By Dr. Rob Bell
Dr. Bell is a Mental Toughness Coach and Certified Consultant of the Association for Applied Sport Psychology. He consults with hundreds of athletes, coaches, and teams and has served as the mental coach for PGA tour winners, USTA Champion, and Olympic Medalists. He is also the author of several mental toughness books. For more information about Dr. Bell and his services visit https://drrobbell.com/
A team locker room is a sacred place.
Basically, what is said there, when you leave there, leave it there.
Sorry, but here’s the wrong way to win the locker room.
New Buffalo Bills Head Coach Sean McDermott felt that setting the tone of the locker room was important.
Coach Sean McDermott is all about “culture” and leading by example. He’s a 3:30AM fitness guy.
He is a driven, hard-nosed, accountability coach whose locker room culture begins with him.
Coach stated that “this is a business”, so he removed the pool table and video games from the locker room.
Players don’t care how much you know, until they know how much you care.
Hall of Fame coach, Bill Walsh, set up a fishing tournament amongst his players during pre-season. He stated, a “team that can laugh together, can get serious together.”
Hard nosed, two time Super-Bowl winning coach, Tom Coughlin, spent the very first day of a training camp by having a bowling tournament. He changed his tyrant approach because he “wanted his players to see him as his grandchildren did.”
Super Bowl Winning coach, Dick Vermeil was known for his “boot camp” practices and discipline, but only after he started to develop a relationship with his players did he finally reach the pinnacle.
Look, there is nothing sexier than discipline, accountability, hard-work, grit, perseverance, and a culture of excellence.
However, in order to win, coaches have to win their hearts as well. In order to do that, they need to win the locker room.
Here’s 5 ways to win the locker room
Develop a TEAM culture-
Every coach would agree that when you have players willing to fight for one another, there is nothing more powerful. Practices should be difficult and demanding, but developing team chemistry also takes place in between practices and games. You hang out so much together, that either bonds or cliques get formed in various ways.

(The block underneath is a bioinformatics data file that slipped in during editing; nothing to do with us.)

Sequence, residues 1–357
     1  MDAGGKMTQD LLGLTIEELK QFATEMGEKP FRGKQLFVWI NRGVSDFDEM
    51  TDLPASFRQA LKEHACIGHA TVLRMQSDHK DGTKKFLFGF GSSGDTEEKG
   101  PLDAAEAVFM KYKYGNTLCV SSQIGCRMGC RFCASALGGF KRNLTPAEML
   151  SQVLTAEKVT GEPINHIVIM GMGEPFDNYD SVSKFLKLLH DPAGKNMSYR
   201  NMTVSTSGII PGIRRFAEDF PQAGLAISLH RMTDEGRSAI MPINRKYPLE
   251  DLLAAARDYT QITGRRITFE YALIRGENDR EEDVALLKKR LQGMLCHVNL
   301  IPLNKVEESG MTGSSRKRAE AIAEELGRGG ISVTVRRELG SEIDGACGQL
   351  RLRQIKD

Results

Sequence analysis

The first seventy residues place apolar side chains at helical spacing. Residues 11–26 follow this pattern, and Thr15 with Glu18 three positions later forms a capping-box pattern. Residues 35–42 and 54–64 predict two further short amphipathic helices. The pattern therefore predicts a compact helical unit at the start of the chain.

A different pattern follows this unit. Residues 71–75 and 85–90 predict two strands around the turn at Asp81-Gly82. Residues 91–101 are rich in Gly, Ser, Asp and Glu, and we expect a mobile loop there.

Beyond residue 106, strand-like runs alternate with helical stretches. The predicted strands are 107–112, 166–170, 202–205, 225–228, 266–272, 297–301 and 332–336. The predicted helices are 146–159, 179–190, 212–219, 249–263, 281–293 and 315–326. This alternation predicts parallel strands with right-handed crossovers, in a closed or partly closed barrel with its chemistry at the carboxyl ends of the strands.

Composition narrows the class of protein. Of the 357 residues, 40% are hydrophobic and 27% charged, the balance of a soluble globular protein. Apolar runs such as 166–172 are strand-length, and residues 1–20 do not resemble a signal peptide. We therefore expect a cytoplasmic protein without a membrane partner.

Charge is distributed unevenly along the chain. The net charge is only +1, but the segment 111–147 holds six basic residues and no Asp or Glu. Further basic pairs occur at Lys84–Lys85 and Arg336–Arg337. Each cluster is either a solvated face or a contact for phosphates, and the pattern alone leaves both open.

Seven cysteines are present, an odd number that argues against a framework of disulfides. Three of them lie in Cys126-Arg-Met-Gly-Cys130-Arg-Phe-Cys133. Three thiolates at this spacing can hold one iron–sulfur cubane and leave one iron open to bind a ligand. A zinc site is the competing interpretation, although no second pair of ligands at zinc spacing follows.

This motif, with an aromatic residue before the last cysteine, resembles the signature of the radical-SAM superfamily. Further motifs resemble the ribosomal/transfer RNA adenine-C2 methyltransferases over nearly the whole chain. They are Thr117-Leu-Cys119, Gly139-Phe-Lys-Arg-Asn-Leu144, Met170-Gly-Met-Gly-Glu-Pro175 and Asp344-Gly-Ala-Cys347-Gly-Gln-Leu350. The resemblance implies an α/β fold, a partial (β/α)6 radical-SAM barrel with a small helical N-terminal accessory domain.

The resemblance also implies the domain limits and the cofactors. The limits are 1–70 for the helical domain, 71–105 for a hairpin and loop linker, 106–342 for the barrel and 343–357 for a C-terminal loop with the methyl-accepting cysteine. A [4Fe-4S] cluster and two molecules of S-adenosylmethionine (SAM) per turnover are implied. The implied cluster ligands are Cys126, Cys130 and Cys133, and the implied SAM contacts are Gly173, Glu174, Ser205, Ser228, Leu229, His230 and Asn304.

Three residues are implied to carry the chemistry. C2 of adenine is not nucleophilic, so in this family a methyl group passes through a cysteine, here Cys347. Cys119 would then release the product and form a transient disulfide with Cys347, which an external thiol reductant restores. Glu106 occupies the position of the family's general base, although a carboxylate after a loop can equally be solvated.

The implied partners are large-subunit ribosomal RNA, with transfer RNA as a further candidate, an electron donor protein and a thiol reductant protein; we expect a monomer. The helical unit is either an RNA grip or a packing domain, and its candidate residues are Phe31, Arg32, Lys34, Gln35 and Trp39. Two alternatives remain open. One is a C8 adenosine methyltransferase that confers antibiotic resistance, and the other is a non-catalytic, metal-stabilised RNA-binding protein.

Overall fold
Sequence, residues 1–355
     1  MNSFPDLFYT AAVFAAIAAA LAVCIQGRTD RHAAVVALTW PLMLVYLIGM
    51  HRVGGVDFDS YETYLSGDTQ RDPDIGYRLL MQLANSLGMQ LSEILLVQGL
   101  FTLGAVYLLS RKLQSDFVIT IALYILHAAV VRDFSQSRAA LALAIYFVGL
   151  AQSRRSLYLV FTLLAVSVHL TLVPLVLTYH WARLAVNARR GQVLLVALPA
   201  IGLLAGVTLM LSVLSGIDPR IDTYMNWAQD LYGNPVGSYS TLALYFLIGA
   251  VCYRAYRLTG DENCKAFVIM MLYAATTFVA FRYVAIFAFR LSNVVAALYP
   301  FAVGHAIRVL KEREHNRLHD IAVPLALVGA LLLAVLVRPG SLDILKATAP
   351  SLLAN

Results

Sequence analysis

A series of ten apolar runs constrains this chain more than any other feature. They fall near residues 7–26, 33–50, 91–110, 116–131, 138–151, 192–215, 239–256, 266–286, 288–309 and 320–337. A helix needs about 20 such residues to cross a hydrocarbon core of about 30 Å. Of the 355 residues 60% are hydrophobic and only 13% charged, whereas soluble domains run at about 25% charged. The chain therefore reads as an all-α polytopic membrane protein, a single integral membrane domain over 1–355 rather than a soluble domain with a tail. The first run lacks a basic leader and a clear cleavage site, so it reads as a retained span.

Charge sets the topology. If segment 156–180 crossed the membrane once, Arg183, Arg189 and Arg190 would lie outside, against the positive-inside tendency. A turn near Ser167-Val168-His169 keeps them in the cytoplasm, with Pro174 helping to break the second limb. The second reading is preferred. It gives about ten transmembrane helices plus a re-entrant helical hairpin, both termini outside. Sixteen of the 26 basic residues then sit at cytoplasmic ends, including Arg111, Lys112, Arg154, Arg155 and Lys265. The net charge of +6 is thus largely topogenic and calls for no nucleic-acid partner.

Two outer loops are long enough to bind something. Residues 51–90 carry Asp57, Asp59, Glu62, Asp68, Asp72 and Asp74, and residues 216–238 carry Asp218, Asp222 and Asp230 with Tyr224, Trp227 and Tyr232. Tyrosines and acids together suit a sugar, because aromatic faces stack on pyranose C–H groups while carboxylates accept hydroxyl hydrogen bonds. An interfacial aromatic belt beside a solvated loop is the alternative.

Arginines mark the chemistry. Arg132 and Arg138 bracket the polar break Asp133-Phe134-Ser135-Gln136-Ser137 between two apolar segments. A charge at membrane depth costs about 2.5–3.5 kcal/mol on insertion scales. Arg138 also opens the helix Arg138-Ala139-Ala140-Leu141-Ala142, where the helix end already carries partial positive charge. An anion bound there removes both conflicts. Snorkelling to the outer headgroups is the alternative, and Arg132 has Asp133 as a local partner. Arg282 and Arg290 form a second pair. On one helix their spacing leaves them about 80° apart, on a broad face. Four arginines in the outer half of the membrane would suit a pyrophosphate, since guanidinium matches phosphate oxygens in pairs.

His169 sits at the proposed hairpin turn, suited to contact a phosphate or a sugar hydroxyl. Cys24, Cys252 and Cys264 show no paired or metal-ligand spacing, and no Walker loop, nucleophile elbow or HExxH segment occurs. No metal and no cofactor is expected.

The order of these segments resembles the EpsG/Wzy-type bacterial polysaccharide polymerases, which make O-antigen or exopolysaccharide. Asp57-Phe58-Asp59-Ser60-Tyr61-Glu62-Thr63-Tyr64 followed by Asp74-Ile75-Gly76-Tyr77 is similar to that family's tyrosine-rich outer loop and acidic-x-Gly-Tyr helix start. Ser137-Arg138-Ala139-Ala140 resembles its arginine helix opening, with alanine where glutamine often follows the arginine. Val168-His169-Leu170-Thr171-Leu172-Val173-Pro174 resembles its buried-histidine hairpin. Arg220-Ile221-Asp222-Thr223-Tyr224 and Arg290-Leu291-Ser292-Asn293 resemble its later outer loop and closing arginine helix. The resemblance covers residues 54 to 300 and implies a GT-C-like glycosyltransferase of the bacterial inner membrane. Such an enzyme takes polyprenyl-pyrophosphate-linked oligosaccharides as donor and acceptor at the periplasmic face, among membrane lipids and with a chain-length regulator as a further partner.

Developing a locker room where players can unwind, relax, be themselves, and hang-out is crucial. Who wants a locker room where players simply dash out after showering and changing?
A pool table or ping-pong table encourages players an outlet to bond over a competitive activity that is not directly related to their own sport. The Cornell basketball team that made the sweet sixteen and finished 29-5 all lived together and touted their Super Mario bros. and table-tennis competitions.
Allow the players to take ownership-
Jeff Van Gundy allowed all minor decisions like where to eat, which music and movie to play on the bus up to the players. He granted them a voice in their own culture.
Have a leadership council-
In all pick-up games, kids self-govern themselves. You can’t break the written and unwritten rules of the court and expect to be welcomed back. A leadership council of players should make decisions on certain disciplines that coach doesn’t have to. That creates more ownership among players and takes more off of the coach.
Orchestrate the cohesion-
Teams become cohesive over the task at hand (winning), or socially (togetherness). Ultimately, task-cohesion is king. However, these task-cohesive teams are only fostered through extremely strong peer-leadership.
Social cohesion is queen. Teams full of mutual respect for one another have more trust and uphold standards within the team. Usually, the best teams have BOTH task and social cohesion. These bonds can be enhanced through scheduled sessions intended to do so.
Foster organic cohesion-
Yes, it is a business. Winning is a habit. But, allow play to be a part of the culture. Allowing athletes to express themselves through free-play is as old as the cave-man days. We thrive on working hard toward a goal and also having fun along the journey.
I’ve been in the team locker room at the end of a season with such tears of joy from winning, because they all knew of the effort and sacrifice and bond. I’ve been in the other locker room as well, that tears flowed because the loss was so heartbreaking because of the sacrifice and bond.
If you’re in the game long enough, these moments will happen. That’s life.
The way to a winning team locker room begins way before these moments of joy or heartbreak. It begins with the culture of the team and finding ways to win the locker room.